Red Hat Put Sellers Provide Good Option Trading Example

04/01/2010 12:01 am EST

Focus: OPTIONS

Beth Gaston Moon

, Schaeffer's Investment Research, Inc.

Red Hat Inc. (NYSE: RHT) saw a notable exodus of options traders at its April 27.50 put strike on Tuesday, as traders pulled their money out of the front-month option ahead of expiration two weeks from Friday. More than 20,000 contracts traded at this out-of-the-money strike yesterday, and open interest subsequently shrank from 20,269 yesterday to 7,211 this morning. This suggests that the majority of yesterday’s volume was initiated on the closing side.

Shortly before the closing bell, three large blocks (4,800, 7,200, and 6,951, adding up to nearly 19,000 contracts) hit the tape in rapid succession. The smallest block traded for 30 cents per share, while the two larger blocks changed hands at 25 cents per share (near the bid price in both cases, indicating they were sold). This is not much premium to collect, but perhaps the trader does not expect short-term downside in RHT. Unless RHT drops at least 5% before April 16, these puts will be out of the money and will expire worthless (which is a less desirable situation than closing them for 30 or 25 cents apiece).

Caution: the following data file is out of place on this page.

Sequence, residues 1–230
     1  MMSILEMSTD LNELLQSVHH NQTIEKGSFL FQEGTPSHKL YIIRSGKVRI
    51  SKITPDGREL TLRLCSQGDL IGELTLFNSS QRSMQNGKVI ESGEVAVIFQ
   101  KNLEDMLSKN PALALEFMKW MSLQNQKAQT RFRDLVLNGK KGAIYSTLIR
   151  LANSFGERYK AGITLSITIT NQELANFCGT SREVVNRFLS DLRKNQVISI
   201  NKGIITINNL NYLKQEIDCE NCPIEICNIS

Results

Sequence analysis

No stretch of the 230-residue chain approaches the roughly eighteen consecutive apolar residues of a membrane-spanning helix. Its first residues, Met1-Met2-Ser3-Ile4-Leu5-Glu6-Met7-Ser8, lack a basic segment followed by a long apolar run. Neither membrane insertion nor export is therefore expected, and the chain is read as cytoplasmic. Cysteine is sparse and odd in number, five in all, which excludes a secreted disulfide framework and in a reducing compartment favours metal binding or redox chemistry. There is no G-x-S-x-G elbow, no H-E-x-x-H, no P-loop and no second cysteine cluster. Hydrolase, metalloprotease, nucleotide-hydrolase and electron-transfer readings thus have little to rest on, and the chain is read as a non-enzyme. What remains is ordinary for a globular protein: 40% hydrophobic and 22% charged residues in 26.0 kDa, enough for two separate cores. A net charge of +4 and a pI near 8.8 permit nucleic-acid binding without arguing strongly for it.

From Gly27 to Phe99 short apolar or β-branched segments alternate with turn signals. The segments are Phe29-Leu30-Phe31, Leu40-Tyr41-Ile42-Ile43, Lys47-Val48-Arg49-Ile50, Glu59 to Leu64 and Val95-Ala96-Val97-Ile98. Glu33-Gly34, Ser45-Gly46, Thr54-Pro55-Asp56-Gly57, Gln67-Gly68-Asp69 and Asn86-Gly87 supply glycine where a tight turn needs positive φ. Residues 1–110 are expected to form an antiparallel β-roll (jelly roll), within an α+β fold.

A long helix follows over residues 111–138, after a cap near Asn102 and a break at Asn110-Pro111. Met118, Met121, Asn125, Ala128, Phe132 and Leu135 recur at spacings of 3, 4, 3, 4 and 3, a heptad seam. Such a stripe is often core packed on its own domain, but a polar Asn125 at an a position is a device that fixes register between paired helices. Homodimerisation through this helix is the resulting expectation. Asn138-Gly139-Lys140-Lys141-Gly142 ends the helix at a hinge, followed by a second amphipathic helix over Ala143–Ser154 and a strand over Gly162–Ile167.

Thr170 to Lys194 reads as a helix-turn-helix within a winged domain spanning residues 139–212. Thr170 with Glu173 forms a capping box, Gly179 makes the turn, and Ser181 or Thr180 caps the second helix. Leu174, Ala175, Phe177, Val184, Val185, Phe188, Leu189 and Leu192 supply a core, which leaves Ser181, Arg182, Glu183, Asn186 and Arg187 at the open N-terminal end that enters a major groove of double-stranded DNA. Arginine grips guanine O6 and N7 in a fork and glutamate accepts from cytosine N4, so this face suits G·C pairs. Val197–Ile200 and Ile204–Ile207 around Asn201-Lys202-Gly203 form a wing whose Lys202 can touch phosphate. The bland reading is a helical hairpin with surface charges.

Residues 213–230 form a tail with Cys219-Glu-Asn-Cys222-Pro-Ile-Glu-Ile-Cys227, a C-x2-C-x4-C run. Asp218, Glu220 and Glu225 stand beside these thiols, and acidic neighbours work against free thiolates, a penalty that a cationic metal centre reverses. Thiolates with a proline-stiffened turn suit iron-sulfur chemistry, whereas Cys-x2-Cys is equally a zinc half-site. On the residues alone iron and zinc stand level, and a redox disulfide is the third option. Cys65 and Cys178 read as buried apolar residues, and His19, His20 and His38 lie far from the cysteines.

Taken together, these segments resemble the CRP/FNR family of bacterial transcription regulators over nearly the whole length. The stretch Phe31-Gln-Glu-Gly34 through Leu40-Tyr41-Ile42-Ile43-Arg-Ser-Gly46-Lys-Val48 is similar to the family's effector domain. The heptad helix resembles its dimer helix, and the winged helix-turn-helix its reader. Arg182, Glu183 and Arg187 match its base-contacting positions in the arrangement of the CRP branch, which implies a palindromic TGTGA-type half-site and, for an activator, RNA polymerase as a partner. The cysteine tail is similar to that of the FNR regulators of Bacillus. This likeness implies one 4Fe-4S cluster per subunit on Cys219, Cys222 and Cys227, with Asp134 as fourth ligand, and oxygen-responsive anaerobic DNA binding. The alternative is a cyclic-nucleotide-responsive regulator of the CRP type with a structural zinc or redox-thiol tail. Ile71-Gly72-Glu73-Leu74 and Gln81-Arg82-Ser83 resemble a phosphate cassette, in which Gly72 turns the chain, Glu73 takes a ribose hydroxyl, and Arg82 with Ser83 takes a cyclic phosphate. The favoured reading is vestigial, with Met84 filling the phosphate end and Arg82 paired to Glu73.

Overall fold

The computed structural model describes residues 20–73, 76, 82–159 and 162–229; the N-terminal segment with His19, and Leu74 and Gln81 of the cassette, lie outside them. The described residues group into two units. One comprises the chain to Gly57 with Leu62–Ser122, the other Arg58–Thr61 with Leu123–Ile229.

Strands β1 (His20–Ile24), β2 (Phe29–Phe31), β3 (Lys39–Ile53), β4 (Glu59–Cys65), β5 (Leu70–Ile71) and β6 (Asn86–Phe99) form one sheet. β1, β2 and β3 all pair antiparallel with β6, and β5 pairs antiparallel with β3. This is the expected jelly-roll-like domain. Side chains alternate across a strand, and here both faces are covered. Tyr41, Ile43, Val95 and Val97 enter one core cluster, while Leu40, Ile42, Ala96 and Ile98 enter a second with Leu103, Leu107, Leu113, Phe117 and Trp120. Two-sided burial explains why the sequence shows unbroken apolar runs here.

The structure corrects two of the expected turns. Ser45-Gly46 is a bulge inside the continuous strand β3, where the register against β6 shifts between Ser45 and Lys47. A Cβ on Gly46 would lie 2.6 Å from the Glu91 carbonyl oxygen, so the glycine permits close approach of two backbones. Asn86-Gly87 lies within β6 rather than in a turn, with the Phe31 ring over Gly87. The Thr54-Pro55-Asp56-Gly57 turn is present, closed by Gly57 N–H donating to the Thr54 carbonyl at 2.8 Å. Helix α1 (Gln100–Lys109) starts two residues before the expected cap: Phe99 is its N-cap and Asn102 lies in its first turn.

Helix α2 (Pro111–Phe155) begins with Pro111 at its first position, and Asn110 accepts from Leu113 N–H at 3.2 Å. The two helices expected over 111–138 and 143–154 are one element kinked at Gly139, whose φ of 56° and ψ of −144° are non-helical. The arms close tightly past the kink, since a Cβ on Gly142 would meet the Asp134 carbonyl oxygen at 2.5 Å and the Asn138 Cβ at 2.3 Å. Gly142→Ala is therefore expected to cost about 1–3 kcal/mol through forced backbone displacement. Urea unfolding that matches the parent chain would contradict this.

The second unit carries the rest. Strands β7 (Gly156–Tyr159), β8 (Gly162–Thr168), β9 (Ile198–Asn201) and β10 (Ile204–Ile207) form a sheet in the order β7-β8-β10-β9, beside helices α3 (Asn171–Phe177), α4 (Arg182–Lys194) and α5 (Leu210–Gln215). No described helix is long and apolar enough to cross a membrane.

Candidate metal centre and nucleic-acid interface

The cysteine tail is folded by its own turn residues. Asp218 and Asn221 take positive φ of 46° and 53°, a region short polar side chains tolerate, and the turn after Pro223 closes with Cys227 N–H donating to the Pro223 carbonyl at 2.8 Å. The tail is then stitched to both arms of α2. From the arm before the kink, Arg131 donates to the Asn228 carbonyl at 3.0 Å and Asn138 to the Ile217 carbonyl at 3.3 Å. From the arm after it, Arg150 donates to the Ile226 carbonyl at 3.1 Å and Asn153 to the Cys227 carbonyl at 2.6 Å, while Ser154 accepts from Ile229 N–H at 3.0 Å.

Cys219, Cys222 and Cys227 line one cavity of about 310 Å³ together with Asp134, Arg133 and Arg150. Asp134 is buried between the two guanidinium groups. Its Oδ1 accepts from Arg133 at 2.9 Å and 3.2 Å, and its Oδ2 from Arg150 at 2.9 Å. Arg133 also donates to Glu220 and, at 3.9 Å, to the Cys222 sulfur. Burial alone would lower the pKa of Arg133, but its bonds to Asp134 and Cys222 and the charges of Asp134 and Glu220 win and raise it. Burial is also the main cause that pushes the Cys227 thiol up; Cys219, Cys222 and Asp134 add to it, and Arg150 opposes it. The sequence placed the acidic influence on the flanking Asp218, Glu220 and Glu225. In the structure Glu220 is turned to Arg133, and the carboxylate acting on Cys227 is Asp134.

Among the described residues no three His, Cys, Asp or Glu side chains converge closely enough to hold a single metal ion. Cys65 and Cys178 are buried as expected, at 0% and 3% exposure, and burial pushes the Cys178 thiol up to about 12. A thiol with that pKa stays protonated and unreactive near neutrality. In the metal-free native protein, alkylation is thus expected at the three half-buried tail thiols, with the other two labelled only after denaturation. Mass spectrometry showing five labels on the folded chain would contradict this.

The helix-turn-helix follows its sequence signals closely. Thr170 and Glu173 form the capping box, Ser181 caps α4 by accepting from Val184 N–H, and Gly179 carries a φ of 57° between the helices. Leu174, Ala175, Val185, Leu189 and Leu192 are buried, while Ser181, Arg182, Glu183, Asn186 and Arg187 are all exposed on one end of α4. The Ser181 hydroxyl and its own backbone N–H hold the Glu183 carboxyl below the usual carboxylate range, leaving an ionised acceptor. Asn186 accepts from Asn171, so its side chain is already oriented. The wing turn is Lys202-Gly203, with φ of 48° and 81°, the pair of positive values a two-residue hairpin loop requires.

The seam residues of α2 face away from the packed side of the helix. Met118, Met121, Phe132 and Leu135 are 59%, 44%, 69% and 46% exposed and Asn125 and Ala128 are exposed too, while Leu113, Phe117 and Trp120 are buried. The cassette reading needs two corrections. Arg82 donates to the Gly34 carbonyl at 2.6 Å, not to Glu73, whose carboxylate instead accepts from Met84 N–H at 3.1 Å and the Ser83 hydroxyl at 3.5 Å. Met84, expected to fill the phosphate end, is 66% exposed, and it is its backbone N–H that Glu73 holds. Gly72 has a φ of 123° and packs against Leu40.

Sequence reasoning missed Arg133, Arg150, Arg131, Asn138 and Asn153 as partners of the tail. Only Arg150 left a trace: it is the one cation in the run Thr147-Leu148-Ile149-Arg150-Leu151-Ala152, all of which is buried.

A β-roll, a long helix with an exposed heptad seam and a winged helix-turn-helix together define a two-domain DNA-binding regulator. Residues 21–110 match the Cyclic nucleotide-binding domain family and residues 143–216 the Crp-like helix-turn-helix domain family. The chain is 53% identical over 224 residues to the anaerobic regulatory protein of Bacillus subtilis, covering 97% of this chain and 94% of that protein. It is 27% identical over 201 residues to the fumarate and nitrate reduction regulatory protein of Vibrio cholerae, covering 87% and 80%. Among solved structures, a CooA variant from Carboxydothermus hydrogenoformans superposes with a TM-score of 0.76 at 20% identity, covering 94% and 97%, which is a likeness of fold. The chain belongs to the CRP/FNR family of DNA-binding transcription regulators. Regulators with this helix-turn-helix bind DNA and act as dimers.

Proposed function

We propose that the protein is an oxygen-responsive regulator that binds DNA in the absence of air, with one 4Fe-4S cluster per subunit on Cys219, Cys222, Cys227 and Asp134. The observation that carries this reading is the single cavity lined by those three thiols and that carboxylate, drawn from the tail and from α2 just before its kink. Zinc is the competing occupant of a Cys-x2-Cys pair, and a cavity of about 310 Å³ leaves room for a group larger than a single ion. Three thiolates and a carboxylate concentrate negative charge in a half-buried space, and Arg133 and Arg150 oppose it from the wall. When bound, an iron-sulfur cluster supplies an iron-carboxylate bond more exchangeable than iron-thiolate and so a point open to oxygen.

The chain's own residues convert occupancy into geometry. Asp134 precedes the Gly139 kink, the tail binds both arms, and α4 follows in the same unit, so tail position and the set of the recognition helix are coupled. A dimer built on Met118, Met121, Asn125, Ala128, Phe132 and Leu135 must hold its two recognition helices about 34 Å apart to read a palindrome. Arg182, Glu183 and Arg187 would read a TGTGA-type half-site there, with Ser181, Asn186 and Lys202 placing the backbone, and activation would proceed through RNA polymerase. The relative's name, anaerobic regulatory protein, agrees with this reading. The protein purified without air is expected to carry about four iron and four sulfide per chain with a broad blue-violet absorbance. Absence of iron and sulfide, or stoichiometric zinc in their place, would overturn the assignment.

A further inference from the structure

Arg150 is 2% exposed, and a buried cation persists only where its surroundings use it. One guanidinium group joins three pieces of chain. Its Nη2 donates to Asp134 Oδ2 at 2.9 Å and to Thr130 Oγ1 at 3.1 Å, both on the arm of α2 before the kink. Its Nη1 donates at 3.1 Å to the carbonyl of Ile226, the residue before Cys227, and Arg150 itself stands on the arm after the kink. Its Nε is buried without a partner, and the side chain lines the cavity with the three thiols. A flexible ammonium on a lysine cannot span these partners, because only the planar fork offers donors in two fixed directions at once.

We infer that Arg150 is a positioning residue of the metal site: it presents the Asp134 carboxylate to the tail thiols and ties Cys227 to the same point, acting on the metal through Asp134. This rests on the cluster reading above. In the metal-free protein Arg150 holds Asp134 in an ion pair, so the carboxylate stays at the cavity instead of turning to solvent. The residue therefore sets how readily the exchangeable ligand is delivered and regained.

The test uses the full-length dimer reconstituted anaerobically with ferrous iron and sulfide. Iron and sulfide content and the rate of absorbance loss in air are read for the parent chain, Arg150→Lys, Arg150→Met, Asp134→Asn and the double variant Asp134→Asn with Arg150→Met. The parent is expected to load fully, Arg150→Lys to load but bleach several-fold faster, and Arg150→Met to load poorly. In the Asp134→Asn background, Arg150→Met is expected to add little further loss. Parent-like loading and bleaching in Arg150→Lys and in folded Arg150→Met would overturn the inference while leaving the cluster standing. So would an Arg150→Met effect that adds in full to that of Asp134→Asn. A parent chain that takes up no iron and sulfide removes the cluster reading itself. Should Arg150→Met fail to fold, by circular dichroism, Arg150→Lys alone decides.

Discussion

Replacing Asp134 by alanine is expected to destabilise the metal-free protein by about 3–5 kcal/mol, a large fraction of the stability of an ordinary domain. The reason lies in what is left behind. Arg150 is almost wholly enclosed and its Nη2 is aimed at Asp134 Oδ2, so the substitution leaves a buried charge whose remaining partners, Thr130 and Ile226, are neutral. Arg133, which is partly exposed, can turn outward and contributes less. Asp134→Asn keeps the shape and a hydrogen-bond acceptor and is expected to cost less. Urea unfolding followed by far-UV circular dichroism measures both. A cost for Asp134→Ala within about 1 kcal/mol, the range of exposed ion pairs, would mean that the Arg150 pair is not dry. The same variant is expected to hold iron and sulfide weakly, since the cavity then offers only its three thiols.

Click to Enlarge

A put buyer can enjoy significant profits if the stock declines below the breakeven mark, but they would also put all of the premium paid at risk. Looking at open-interest history, it appears that these puts were purchased last Thursday for 40 cents each. Thursday was the day RHT tumbled almost 6% on a disappointing earnings outlook. Yesterday, the stock bounced higher, so perhaps these put buyers diagnosed that it was an opportune time to exit the trade and seek out better opportunities.

These investors who trade large amounts over a short period of time should be mindful of commissions, as these fees can eat away at profits, particularly when trading low-dollar options such as these out-of-the-money RHT puts.

By Beth Gaston Moon, contributor, ONN.tv

Related Articles on OPTIONS